Fukushima: Don't Forget

End the nuclear age

Greenpeace has always fought - and will continue to fight - vigorously against nuclear power because it is an unacceptable risk to the environment and to humanity. The only solution is to halt the expansion of all nuclear power, and for the shutdown of existing plants.

Nastya, from Belarus was only three years old when she was diagnosed with cancer of the uterus and lungs. According to local doctors the region has seen a huge increase in childhood cancer cases since the Chernobyl disaster.

We need an energy system that can fight climate change, based on renewable energy and energy efficiency. Nuclear power already delivers less energy globally than renewable energy, and the share will continue to decrease in the coming years.

Despite what the nuclear industry tells us, building enough nuclear power stations to make a meaningful reduction in greenhouse gas emissions would cost trillions of dollars, create tens of thousands of tons of lethal high-level radioactive waste, contribute to further proliferation of nuclear weapons materials, and result in a Chernobyl-scale accident once every decade. Perhaps most significantly, it will squander the resources necessary to implement meaningful climate change solutions.  (Briefing: Climate change - Nuclear not the answer.)

The Nuclear Age began in July 1945 when the US tested their first nuclear bomb near Alamogordo, New Mexico. A few years later, in 1953, President Eisenhower launched his "Atoms for Peace" Programme at the UN amid a wave of unbridled atomic optimism.

But as we know there is nothing "peaceful" about all things nuclear. More than half a century after Eisenhower's speech the planet is left with the legacy of nuclear waste. This legacy is beginning to be recognised for what it truly is.

Things are moving slowly in the right direction. In November 2000 the world recognised nuclear power as a dirty, dangerous and unnecessary technology by refusing to give it greenhouse gas credits during the UN Climate Change talks in The Hague. Nuclear power was dealt a further blow when a UN Sustainable Development Conference refused to label nuclear a sustainable technology in April 2001.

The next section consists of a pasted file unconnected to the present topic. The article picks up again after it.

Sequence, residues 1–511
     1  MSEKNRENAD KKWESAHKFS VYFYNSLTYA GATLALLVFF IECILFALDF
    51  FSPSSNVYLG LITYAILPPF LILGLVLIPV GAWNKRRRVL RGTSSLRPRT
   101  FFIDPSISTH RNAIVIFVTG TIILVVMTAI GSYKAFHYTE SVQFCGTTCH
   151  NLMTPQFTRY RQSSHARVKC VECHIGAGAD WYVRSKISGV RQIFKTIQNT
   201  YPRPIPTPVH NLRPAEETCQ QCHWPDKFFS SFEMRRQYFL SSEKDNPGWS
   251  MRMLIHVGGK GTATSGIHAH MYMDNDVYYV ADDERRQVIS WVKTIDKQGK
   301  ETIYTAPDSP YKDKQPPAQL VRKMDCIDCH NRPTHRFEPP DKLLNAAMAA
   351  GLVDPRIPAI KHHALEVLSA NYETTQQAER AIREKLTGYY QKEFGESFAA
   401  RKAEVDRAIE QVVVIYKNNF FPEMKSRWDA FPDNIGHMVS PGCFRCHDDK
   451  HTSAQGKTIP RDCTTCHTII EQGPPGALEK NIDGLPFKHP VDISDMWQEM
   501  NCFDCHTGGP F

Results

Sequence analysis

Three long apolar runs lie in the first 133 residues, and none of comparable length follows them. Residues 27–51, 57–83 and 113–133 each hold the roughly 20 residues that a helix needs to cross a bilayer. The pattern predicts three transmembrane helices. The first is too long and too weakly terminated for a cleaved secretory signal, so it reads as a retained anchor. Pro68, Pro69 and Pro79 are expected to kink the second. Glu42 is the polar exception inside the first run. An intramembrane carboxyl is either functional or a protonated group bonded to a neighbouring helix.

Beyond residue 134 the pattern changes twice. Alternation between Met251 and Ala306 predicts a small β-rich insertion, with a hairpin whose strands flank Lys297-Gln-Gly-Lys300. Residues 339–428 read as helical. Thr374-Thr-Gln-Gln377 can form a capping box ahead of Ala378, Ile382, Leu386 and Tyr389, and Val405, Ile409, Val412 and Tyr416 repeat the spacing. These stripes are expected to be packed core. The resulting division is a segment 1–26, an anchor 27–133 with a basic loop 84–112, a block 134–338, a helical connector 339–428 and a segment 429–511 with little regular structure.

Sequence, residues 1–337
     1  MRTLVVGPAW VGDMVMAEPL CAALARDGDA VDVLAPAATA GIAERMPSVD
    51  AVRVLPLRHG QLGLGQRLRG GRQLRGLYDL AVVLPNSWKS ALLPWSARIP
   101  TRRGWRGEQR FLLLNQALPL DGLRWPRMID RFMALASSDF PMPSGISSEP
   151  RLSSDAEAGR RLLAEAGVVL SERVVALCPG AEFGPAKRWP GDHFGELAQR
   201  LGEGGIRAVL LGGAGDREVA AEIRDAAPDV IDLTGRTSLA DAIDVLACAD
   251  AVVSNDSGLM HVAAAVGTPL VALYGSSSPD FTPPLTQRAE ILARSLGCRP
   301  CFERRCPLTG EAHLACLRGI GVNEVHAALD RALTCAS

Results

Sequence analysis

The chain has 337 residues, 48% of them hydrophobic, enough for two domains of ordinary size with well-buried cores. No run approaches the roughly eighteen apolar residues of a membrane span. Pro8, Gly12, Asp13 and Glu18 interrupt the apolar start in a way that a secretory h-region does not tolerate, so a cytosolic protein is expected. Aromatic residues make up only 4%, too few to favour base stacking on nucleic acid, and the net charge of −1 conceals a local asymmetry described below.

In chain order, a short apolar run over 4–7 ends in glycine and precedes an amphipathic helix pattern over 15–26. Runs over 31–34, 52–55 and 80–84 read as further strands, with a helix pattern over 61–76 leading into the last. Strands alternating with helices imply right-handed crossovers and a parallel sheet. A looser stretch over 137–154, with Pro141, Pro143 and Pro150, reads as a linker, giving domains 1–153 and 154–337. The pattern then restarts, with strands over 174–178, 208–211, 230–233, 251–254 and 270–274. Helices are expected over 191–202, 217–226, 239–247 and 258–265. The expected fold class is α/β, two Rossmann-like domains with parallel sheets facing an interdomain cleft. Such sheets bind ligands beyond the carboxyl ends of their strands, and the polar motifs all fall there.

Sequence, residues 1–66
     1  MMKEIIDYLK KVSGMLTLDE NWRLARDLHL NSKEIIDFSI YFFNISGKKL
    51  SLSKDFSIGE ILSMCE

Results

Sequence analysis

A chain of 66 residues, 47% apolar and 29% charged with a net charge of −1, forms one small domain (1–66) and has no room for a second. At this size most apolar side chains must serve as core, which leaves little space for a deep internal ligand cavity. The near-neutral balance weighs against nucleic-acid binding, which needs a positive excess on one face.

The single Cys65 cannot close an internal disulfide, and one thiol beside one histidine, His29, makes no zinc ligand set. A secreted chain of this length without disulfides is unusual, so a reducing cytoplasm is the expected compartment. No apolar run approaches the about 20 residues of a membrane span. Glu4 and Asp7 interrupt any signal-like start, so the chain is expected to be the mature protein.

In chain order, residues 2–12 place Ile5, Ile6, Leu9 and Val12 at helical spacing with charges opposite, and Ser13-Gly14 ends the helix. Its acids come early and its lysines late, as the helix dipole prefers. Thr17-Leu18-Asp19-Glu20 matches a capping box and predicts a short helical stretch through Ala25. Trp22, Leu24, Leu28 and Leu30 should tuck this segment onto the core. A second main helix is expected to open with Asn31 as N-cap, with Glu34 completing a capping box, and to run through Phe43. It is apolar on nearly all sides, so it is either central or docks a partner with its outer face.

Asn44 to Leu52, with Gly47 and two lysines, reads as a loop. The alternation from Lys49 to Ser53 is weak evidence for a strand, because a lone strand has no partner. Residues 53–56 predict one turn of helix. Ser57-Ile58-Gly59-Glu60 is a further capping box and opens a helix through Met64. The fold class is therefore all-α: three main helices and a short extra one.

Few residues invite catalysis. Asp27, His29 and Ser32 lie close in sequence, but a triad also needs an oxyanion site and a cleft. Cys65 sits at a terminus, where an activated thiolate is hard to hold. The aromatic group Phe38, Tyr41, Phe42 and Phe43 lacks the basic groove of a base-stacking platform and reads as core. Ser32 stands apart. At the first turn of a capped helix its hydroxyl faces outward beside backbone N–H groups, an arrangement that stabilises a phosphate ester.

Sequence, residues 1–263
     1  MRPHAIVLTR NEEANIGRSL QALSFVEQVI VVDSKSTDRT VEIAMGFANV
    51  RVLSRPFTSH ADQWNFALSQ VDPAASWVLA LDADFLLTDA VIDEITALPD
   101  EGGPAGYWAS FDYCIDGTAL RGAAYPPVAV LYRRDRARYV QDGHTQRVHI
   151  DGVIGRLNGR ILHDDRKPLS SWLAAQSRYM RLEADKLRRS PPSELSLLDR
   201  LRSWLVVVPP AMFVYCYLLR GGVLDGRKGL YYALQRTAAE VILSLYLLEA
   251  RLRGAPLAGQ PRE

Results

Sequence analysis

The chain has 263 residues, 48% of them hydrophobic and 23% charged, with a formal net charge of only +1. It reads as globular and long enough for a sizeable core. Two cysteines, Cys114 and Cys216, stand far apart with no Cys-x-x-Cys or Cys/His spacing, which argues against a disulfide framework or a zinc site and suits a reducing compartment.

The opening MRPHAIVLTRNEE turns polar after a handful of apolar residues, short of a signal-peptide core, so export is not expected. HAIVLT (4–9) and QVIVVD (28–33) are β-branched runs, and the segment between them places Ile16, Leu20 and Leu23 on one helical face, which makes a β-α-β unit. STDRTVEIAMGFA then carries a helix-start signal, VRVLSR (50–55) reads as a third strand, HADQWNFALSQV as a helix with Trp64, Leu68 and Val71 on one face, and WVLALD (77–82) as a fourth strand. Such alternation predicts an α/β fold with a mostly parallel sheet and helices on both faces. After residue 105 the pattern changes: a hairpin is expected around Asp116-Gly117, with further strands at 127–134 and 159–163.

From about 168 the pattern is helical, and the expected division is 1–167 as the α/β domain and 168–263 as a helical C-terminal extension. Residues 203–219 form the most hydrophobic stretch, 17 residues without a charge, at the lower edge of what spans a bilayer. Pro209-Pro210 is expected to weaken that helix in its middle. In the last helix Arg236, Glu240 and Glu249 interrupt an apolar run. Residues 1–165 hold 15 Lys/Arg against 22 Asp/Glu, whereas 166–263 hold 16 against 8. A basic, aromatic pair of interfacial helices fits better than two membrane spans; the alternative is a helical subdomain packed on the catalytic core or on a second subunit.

The risks from nuclear energy are real, inherent and long-lasting.

The latest updates

 

Lost health and homes: the legacies of Chernobyl and Fukushima

Press release | 9 March, 2016 at 7:10

Moscow, Kiev, 9 March 2016 - Survivors of Chernobyl are still eating food with radioactive contamination above permissible limits thirty years after the nuclear catastrophe forced hundreds of thousands of people from their homes.

Chernobyl and Fukushima: side by side

Blog entry by Rashid Alimov | 9 March, 2016 5 comments

30 years after Chernobyl and 5 years after Fukushima, the towns ruined forever by nuclear. A crucifix at the entrance of Pripyat. The town is now a guarded area and entry is via checkpoint. The crucifix is a homage to those who...

Nuclear Scars

Publication | 9 March, 2016 at 7:00

It is 30 years since the beginning of the Chernobyl nuclear disaster. It is also five years since the Fukushima disaster began. To mark these anniversaries, Greenpeace has commissioned substantial reviews of scientific studies examining the...

7 incredible projects that could save Japan from another nuclear disaster

Blog entry by Ai Kashiwagi | 9 March, 2016 2 comments

The Fukushima Daiichi nuclear disaster exposed the myth of safe and cheap nuclear power. It's no wonder those most impacted are choosing 100% renewable energy. About a year after Japan's 2011 nuclear disaster, Fukushima Prefecture...

Fukushima nuclear disaster will impact forests, rivers and estuaries for hundreds of...

Press release | 4 March, 2016 at 4:20

Tokyo, 4 March 2016 - The environmental impacts of the Fukushima Daiichi nuclear disaster will last decades to centuries, warns a new Greenpeace Japan report. Man-made, long-lived radioactive elements are absorbed into the living tissues of...

16 - 20 of 1052 results.

Categories
Tags